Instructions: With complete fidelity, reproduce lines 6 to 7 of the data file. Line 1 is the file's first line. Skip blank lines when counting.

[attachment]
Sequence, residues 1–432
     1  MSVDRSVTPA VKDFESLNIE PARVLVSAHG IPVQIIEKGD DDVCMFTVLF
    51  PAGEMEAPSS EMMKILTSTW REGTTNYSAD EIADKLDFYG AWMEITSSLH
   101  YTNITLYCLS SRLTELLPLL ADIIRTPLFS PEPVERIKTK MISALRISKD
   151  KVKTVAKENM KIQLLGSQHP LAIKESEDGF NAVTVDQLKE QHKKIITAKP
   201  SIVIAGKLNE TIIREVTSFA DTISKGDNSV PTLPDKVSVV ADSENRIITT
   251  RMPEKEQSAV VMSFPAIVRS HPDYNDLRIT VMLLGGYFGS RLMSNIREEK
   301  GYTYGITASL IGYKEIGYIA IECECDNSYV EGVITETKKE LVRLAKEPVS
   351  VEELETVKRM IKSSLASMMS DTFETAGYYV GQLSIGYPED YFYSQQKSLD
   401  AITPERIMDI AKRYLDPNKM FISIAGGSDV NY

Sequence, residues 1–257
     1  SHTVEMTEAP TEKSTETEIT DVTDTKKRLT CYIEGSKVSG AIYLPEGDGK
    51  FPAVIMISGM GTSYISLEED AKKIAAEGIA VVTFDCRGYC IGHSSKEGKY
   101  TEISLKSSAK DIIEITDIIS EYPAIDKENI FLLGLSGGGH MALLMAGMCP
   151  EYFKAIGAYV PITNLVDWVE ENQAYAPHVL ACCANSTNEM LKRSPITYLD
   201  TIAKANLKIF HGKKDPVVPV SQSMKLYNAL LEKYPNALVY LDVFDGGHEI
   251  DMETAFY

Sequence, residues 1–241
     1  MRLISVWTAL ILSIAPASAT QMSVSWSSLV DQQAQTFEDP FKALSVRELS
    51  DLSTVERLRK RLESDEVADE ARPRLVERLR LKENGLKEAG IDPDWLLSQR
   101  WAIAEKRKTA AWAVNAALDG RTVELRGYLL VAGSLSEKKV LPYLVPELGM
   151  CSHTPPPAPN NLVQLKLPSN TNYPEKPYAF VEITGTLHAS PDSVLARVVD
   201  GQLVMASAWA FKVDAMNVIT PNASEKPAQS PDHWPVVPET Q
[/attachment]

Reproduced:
   201  SIVIAGKLNE TIIREVTSFA DTISKGDNSV PTLPDKVSVV ADSENRIITT
   251  RMPEKEQSAV VMSFPAIVRS HPDYNDLRIT VMLLGGYFGS RLMSNIREEK